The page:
Fluorescent Lighting

Interesting issue. I have some fluorescent lighting in my building and an array of about 9 switches. They all get switched off at the beginning and the end of the day. When I switch the lights on or off, I get spurious particle publishes from the buttons attached to my Photons. The buttons are using the internal pullup resistors.

Any ideas how to avoid or mitigate this issue?

Somebody mentioned using capacitors to help with a potential short-term voltage drop - but I guess that would only help if that’s the root cause of the issue, rather than the other option which is I guess electromagnetic interference? Out of my depth here. I also don’t know where specifically to put the capacitors.


@netpex, fluorescent fixture are notorious for RF and other interference. I would never recommend using internal pull-ups for buttons as they are quite “weak” being 40K ohms or so. I suggest an external 4.7K resistor coupled with a 0.1uF capacitor to GND to reduce noise on the GPIO. How long are the wires going to your buttons? How are you controlling the actual lights?


The capacitors go between Vin and ground. Be aware that if you use electrolytic caps that they are polarized meaning that you must match the + and - leads to Vin and ground respectively.

Unless you have a scope and an isolated power supply to do testing, it’s really just guesswork trying to troubleshoot this.

The particle datasheet references Analog’s AN-88 which brings up some issues about this topic.

Thanks, all. I should clarify as I now see it’s confusing from my write up that the fluorescent lights are nothing to do with my photon at all, beyond being connected to the same electricity supply (because they exist in the same building as my photons). The lights are not being switched or monitored by my photons but their being switched causes my photons to misfire!

As @peekay123 already mentioned fluorescent lights are notorious citizens on any building’s wiring. Especially when electrically sensitive devices are fed off of the same phase.

Since flourescent lights are highly inductive loads especially switching them off will cause some noise on the shared phase. And the ignition of these kinds of lights usually requires high voltages to ionise the gas which will also be “felt” by devices on that same phase.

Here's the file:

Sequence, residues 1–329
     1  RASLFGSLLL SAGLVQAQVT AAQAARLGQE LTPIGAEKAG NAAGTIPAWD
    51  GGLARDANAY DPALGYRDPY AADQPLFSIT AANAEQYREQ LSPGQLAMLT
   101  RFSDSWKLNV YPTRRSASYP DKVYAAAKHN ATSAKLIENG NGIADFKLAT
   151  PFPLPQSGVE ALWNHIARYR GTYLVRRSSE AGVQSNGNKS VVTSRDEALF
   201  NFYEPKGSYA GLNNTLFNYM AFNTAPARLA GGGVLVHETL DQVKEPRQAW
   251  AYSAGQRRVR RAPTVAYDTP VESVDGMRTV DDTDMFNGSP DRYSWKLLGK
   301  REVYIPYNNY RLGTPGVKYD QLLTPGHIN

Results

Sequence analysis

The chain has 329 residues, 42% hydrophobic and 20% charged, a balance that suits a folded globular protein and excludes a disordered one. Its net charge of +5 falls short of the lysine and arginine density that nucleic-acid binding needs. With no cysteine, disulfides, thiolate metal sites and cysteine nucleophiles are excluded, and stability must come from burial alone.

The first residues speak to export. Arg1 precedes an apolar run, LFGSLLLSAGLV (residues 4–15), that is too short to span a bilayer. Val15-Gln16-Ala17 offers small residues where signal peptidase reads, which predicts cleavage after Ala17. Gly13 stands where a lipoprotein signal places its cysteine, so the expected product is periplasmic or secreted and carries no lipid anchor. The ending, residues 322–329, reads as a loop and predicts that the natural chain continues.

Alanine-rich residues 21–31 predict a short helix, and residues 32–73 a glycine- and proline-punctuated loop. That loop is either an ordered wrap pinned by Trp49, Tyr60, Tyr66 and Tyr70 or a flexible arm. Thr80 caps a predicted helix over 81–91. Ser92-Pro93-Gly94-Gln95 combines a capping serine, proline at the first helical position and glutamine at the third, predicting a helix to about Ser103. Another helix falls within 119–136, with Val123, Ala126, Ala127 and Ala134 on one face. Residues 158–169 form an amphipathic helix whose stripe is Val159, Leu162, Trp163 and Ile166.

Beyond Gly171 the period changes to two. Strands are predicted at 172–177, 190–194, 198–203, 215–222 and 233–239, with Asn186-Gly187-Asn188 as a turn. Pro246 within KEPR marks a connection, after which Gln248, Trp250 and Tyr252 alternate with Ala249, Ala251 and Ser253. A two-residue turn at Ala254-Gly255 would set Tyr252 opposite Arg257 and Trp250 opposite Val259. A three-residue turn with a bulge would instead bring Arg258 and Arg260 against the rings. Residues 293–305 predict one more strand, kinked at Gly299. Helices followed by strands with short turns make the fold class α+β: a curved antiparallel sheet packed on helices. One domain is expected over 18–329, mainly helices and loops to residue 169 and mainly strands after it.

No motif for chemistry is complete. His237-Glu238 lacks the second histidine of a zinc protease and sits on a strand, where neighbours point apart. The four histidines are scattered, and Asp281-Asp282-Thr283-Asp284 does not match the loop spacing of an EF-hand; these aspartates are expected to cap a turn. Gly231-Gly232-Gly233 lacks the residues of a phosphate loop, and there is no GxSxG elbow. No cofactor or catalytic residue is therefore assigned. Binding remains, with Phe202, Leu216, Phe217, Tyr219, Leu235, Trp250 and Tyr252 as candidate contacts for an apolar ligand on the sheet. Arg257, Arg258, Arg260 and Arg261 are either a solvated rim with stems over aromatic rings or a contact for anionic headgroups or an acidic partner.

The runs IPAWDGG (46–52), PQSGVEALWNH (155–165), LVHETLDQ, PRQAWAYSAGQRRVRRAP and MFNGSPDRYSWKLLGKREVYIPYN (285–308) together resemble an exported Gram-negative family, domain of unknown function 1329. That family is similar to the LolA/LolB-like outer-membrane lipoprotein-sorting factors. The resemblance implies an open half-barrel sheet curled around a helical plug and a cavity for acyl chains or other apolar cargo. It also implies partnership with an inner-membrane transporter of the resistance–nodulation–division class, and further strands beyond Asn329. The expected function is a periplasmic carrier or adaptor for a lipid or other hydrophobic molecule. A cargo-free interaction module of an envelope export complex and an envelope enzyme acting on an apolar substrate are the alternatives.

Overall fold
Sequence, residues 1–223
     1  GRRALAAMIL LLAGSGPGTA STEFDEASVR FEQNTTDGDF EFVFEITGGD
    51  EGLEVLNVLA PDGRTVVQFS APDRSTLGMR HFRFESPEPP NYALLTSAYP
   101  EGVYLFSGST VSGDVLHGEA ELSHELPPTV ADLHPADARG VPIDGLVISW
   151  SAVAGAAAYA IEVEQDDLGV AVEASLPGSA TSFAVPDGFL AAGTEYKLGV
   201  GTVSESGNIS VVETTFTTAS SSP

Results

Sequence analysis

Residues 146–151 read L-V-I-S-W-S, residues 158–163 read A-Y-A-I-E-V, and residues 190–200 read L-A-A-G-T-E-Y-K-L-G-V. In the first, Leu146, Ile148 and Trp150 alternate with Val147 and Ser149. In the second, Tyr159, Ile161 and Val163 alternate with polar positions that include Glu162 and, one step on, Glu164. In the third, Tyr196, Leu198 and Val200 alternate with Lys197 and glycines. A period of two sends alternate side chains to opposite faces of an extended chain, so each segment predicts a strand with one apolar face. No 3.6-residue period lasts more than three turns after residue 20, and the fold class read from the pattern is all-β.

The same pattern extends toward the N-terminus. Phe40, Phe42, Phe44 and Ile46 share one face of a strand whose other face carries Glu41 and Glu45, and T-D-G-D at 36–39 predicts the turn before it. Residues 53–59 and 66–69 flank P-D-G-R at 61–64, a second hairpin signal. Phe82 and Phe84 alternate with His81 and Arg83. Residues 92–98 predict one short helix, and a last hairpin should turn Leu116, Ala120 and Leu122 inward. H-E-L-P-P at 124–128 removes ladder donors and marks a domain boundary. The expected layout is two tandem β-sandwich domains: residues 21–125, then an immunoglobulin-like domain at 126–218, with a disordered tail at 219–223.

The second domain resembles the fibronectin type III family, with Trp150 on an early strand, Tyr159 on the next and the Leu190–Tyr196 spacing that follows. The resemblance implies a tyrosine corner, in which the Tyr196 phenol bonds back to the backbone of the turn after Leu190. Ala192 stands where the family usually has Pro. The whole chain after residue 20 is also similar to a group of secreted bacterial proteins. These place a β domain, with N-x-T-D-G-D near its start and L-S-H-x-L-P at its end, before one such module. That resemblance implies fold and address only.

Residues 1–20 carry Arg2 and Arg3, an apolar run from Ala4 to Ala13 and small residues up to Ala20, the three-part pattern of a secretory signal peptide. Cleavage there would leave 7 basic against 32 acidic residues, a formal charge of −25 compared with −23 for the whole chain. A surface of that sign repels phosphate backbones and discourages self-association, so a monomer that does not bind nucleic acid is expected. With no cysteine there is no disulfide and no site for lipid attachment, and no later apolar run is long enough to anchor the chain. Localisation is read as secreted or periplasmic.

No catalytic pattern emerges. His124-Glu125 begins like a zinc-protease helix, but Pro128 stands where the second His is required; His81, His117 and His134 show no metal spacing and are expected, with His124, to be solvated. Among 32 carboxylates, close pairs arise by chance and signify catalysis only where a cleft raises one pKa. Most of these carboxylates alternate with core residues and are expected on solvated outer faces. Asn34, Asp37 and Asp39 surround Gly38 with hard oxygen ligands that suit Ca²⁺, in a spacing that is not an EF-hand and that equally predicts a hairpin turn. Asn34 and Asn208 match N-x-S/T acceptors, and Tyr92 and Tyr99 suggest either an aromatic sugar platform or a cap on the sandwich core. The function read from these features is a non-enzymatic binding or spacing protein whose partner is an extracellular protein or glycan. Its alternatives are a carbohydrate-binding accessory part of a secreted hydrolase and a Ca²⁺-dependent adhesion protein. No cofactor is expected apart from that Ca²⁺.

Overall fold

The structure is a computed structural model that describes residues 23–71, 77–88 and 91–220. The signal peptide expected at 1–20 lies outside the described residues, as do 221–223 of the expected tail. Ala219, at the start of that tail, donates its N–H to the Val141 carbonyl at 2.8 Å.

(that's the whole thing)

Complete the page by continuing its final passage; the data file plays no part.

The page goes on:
Zero-cross detecting or soft start/soft off switches for FLs should prevent these issues at the source, but once you know about the implications you can also counteract the effect on the receiving side.

Are you able to discern a “misfire” from a power cycle?

i.e. does your setup loop output some type of message that differentiates powerup from a normal report cycle?

Sorry, I’m not sure what you mean or whether I’ve not been clear enough in my post. Basically the situation is I am trying to basically read a button state with a Photon. The Photon exists in the same building as some fluorescent lights which I’m not trying to control, interface with or read in any way. HOWEVER, when I switch on or off those electric lights, the Photon “thinks” buttons have been pressed which have not.

@ScruffR & @peekay123 - I’m powering my Photons by USB - would I have to power it directly from VIN to introduce capacitors etc to filter interference?

I don’t suppose there are off the Chinese shelf products I could buy to insert inline between the wall wart and my Photon to protect it from noise, are there? I am not good at reading circuit diagrams and this does sound quite complicated.

I think you misunderstand, to guard against EMI/spurious signals from reaching the Photon’s GPIO pin, then you add a capacitor from the GPIO to ground. If you want to guard against power supply brown-outs, then you would add a capacitor between Vin and Ground. As a rule of thumb, I always add a large electrolytic capacitor to Vin (usually a 470uF laying in my prototyping bin.) Do you have any debounce circuity on your button circuit right now? If so, you might just need to beef up the capacitance or change the type of capacitors for better performance. As @peekay123 stated, don’t use the pull-up resistors built into the Photon. Rather, add your own pull-ups with a lower resistance value. You should be using a circuit like this to debounce the switch in the first place:

Linked from: https://i.stack.imgur.com/Zv2Sa.png